Occupy Wall Street–CBC’s Kevin O’Learly undone by Chris Hedges

CBC’s Kevin O’Leary, whose model must surely be FOX’s Bill O’Reilly is evidently out of his depth here in this interview with Chris Hedges.

After what is now main stream media’s (which now appears to include CBC) obligatory introduction to the Occupy Wall Street protests, as confused and unfocused, or as O’Leary says, "low budget" and "pretty nothing burgers," Mr. O’Leary then responds to Hedges’ lucid explanation by calling him "a left wing nutbar".

Further in to the “interview,” with Mr. O’Leary unable or unwilling to follow the patient logic of Hedges, he again returns to the dismissive, accusatory, you’re left-wing…etc., form of debate. Hedges responds,

I would say that those who are protesting the rise of the corporate state are in fact on the political spectrum the true conservatives because they’re calling for the restoration of the rule of law. The radicals have seized power and they have trashed all regulations and legal impediments to a corporate reconfiguration of American society into a form of neo-feudalism. And that’s what we’re really asking for – is the restoration of the rule of law.

Here’s the complete CBC interview, which may also leave you wondering what has happened to CBC. Is it pressure, is our state broadcaster in competition with Sun News Network? Have we come to a place where debate has to do with discussing the finer distinctions between nutbar and nutcase?


  1. The guy should have expected it. It is after all is a financial/stock market show with Kevin O’leary, and he did bring up Marx which really invites him to be accused of being left leaning. (which in my opinion would be a complement). I don’t see the CBC turning in to fox news. They wouldn’t have any viewership left if they did that and Sun news already owns that market, however I do see the CBC potentially becoming a little more right wing so they can keep their funding under the conservative government.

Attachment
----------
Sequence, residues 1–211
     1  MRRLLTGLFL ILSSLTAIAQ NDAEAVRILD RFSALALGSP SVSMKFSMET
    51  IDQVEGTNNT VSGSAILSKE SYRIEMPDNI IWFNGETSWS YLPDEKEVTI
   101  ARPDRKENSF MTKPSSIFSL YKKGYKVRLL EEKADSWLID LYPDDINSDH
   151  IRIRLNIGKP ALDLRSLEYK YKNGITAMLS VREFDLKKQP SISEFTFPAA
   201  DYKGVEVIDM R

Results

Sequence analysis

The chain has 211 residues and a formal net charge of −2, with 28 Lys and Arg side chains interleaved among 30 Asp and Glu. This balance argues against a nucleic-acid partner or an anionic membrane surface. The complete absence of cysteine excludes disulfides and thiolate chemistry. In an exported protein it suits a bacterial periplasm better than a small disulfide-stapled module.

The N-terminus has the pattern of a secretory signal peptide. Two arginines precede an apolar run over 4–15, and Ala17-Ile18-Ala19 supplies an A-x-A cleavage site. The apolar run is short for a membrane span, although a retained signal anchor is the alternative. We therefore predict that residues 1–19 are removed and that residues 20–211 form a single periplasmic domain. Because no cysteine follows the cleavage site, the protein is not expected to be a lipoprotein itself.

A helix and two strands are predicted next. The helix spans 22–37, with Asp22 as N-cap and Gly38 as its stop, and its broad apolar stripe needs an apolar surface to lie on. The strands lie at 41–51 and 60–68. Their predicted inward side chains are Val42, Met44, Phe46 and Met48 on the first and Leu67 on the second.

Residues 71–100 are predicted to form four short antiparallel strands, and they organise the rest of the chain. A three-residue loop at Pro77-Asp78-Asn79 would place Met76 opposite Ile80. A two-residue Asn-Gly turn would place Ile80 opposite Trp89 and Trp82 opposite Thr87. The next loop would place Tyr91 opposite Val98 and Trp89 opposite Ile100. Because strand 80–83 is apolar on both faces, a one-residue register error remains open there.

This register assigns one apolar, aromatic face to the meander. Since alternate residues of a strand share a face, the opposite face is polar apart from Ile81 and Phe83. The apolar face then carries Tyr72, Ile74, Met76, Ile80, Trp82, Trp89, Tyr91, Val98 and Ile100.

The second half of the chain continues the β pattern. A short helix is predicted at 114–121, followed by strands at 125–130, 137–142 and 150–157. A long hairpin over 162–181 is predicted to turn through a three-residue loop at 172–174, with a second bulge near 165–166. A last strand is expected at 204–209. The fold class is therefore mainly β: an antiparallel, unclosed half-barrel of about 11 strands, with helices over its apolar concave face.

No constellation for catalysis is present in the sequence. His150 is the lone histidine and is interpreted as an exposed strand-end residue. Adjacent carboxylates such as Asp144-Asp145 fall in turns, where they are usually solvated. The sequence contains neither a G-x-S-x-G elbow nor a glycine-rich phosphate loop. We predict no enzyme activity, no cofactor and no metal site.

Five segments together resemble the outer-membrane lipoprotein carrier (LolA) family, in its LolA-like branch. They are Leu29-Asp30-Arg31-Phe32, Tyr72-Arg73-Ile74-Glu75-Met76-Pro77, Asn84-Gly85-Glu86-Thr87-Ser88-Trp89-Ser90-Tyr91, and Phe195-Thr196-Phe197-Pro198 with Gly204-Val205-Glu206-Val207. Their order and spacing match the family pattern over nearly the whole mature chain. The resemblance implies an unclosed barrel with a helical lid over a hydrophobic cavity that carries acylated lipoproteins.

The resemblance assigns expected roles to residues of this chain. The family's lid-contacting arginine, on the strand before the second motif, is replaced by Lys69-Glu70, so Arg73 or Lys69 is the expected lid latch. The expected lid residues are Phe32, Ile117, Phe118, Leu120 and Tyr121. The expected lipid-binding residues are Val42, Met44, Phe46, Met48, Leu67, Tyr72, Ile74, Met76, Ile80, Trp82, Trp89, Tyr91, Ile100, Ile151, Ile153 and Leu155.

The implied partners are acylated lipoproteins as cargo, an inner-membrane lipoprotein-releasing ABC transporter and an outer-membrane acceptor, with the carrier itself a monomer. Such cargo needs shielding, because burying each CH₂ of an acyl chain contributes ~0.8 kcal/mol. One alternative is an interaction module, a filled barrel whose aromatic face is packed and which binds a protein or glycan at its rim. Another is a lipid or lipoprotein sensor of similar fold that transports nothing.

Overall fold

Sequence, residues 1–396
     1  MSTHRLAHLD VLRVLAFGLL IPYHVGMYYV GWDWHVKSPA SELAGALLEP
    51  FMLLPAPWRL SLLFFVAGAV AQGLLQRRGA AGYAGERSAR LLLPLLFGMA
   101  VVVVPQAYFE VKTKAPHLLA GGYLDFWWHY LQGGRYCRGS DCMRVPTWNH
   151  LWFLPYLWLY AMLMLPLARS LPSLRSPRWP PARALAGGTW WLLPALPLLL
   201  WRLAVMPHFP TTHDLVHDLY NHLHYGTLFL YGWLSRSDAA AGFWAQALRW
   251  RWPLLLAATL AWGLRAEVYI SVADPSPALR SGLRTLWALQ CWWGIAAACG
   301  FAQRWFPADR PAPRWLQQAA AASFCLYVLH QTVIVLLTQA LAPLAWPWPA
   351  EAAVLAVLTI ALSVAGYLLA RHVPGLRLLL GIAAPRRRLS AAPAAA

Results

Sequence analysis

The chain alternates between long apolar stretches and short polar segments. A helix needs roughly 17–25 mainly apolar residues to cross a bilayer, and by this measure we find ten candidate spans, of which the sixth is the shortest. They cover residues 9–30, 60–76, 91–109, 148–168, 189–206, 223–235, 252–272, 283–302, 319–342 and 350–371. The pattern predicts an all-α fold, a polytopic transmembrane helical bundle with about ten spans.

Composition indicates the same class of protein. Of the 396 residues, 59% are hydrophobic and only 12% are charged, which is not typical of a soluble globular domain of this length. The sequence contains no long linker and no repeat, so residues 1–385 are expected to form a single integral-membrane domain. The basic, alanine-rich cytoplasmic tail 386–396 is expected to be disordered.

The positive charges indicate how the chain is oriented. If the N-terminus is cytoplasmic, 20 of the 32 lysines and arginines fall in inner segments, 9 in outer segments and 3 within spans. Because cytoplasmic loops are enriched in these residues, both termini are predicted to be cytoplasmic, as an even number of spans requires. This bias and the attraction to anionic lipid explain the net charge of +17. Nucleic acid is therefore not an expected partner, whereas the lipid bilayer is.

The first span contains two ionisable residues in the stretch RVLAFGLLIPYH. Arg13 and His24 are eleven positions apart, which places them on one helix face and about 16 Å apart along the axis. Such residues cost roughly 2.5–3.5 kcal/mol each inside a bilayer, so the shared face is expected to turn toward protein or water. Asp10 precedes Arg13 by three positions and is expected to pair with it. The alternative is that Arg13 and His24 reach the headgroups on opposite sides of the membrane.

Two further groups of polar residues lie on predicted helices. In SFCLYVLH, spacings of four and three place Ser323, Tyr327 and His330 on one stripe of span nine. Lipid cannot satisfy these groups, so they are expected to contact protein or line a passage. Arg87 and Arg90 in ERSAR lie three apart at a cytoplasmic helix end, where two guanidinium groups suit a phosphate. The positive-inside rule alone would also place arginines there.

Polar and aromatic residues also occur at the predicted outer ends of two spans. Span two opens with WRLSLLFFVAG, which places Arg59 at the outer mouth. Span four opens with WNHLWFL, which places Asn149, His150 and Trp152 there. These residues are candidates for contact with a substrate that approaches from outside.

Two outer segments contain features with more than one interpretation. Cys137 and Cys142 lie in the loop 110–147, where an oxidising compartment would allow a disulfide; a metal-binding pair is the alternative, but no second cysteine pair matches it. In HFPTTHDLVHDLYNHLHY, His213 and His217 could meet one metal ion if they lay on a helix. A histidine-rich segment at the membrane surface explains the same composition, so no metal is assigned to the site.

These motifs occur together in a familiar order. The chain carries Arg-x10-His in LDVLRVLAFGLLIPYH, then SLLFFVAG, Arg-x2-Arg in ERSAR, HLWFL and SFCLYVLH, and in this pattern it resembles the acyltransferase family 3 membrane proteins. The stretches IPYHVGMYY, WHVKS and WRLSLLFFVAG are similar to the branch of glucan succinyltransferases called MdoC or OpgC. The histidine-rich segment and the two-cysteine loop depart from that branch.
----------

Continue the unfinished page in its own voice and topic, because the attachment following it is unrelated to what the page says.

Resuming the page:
2. Thanks Kyle, you’ve hit most of the nail on the head. Still, whether it’s Dragon’s Den or The Current or Tapestry something you don’t expect from CBC, well, expect for Don Cherry, is to hear someone like Hedges be called a nutbar. I can see CBC shift over because of certain pressures but interviews don’t have to be reduced to a kind of ‘so’s-your-mother’ debate.

  3. Unlike Kyle, the reference to Marx worries me. His comment to break the corporations I suspect comes from a Marxist hermeneutic. Good corporations do make things and provide a lot of jobs for a lot of people in the process. The fact that we’re having this conversation in this way is due to corporations. However, most of what Hedges said is right on about what went wrong in the US leading up to 2008. Goldman Sachs should be prosecuted. The deregulated derivatives operations should be tightly reined in. It maddens me that these guys got away with it because they first had to have laws regulating the financial industry changed or dropped. O’Leary, it seems to me, came off kind of nutty.

  4. From the Wikipedia page about Chris Hedges, he is the author of “American Fascists”:

    American Fascists: The Christian Right and the War on America (ISBN 0743284437) was published in January 2007. In this book, Hedges argues that the Christian fundamentalist movement emerging today in the United States resembles the early fascist movements in Italy and Germany at the beginning of the last century, and therefore constitutes a gathering threat to American democracy.

  5. I wonder if Chris Hedges views the election of President Obama as just a speedbump in the takeover of America by so-called Christian “fascists”.

  6. Thanks for your comments Ian. I would however, like to introduce you to a broader greater range of Hedges’ writing. You might want to check out his bio as well. Of course you’ll disagree with his socialism, but his many years of front-line experience as a war corespondent (Balkans, Palestine, South America etc.) for the the New York Times, gives him hard won credibility to comment on “American Fascists,” which calls to account the kind of extreme nationalism that fueled the Balkan wars, and that often hides within American Christianism. I’d invite you to read as well, ‘War is a force that gives us meaning’, and his, ‘I don’t believe in Atheists,’ where he takes on the “fundamentalism” of neo-atheists (Dawkins, Hitchens, Harris etc.) with as much fervour as he does the Christian right. That he upsets many on various sides marks him, to my mind, as a kind of Old Testament Amos. We might not like to be called “cows of Bashan,” but as Flannery O’Connor said, “To the hard of hearing you shout, to the blind, you draw large startling figures.” Hedges is doing just that. Raised as the son of a Presbyterian minister perhaps some of it even comes naturally.

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